The British government continues to maintain its line that it will only support genocide designations decided by judicial process. If this is truly the reason for their delay in condemning China’s persecution of the Uyghurs, why have no government figures voiced support for the several ongoing cases intended to investigate this very matter?
In his Eighteenth Brumaire, Karl Marx wrote how, when attempting to study a new language, one always begins by translating it back into the tongue they already know. Likewise, many of us approach current events armed with the vocabulary of history we have studied or experienced. It was, therefore, unsurprising, given recent European history, that a Jewish News frontpage mid-July gave China’s long-standing abuse of its Uyghur population centre-stage. The raw memory of the Holocaust was revived, not for the first time, as chilling images of 13 tonnes of hair allegedly removed from Uyghur detainees being imported into the US were revealed.
Since 2017, over a million Uyghurs and members of other Turkic Muslim minorities have disappeared into a vast network of “re-education” camps in the far west region of Xinjiang. Detainees are subjected to political indoctrination, forced to renounce their religion and culture and, in many instances subjected to torture, rape, and forced sterilisation and abortion. Thousands of mosques and shrines, including protected sites, have been damaged or demolished 2016. In Hotan in 2018 a historic graveyard was desecrated and converted into a car park. Around 50% of Uyghur households are “paired” with a Party member who can enter the house at any time of the day to monitor & inform on families. As Newcastle University expert Joanne Smith Finley told AP earlier this year, “It’s not immediate, shocking, mass-killing on the spot type genocide, but slow, painful, creeping genocide…These are direct means of genetically reducing the Uyghur population.” To quote American author Zig Ziglar, “The first step in solving a problem is to recognise that it does exist,” and as of yet the British government have done little to this end.
In a Westminster Hall petition debate on Monday, October 12th, former Conservative Party Leader Iain Duncan Smith implored his fellow MPs to vote for clause 68 of the Trade Bill, recently added by the House of Lords. Given the long-running ineptitude of a UN Human Rights council chocked full of some of the most deplorable governments in human history- the latest of which is the People’s Republic itself- this clause would ensure a concrete legal avenue for Britain to halt trade with states partaking in genocide. However, we appear to be a long way off from a moment in which the British government will acknowledge the situation in Xinjiang as genocide.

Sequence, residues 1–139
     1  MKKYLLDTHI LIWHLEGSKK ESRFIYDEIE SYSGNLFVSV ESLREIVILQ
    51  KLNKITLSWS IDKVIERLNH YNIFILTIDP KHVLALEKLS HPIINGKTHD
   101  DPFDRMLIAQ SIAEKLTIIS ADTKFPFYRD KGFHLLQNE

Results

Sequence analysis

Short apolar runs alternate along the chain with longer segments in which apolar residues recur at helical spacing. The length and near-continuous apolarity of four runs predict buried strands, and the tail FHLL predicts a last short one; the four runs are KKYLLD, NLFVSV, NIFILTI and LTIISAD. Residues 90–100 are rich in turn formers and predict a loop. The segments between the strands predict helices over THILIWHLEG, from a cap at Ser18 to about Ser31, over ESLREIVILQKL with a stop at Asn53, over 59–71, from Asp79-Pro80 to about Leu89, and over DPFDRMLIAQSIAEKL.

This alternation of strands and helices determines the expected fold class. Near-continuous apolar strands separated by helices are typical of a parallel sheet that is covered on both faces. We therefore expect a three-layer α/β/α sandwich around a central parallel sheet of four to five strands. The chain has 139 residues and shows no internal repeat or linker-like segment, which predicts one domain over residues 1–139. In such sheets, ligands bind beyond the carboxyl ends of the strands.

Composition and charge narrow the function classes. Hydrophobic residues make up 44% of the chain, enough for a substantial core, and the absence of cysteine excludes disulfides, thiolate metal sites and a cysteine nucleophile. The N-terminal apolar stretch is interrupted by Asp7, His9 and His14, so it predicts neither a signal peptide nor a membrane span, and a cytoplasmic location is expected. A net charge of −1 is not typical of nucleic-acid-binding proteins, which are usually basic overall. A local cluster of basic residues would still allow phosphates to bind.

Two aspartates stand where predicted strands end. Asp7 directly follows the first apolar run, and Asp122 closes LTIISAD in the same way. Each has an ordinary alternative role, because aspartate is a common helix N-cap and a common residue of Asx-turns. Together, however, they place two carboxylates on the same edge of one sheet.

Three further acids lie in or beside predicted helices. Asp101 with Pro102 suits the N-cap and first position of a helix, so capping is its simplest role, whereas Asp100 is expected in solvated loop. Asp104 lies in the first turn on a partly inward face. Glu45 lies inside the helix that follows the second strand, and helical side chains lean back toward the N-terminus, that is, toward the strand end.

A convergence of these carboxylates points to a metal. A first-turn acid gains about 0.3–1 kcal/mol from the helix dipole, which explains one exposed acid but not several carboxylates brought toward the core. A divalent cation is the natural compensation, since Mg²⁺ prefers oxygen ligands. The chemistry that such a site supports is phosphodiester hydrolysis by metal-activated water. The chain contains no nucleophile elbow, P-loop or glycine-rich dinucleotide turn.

It is curious then, that the one question that arose consistently throughout the parliamentary debate was not whether there was a case for condemning China’s increasingly genocidal behaviour, but why the government continues to drag its feet over designating it as such and acting accordingly. Minister for Asia Nigel Adams merely reinforced the government’s line that “whether genocide has occurred is a matter for judicial decision”.
An independent tribunal in London scheduled for 2021 will investigate whether the Chinese government’s treatment of the Uyghur population legally constitute genocide. Convened by top human rights lawyer Sir Geoffrey Nice QC, the tribunal is expected to reveal new evidence and testimony. However, the tribunal does not have government backing, and it is not clear whether it will its conclusion will have any impact on policy. Moreover, 2021 is a long time away in political terms. Much ground may have been lost before then. Moreover, in Monday’s debate, Rushanara Ali MP lamented how the UK government continues refusing to back an ongoing international Court of Justice case on the question of China’s abuses in Xinjiang.
The drawing-up of Magnitsky-style sanctions against individuals connected to the regime in Belarus were announced on 24 September and imposed 5 days later. Of course, the elephant in the room is money. China is the UK’s third-largest import source. In the last week of April, the UK imported over 22 million pieces of PPE and more than 1000 ventilators to the NHS from China. As with the disturbing images of hair seized at the American border, the facts of China’s economic prowess is uncomfortable- it reminds us that to a certain extent we are complicit. Yet, as individuals, we can only go so far in influencing supply chains. China had already pumped 1 trillion dollars into its Belt & Road initiative, fuelling a “hear no evil, speak no evil” attitude even from devout Muslim nations such as Pakistan who would be expected to pressure of the safety of their Uyghur cousins.
If any swift and impactful change is to be made, the British government must follow the US’ footsteps in pursuing Magnitsky-style sanctions immediately. The Commons must vote in favour of clause 68. The government must back domestic and international attempts to denounce the situation in Xinjiang for what it is: genocide in the making.
Georgia is an associate writer for Foundation for Uyghur Freedom. Follow them on Instagram @foundation4uyghurfreedom.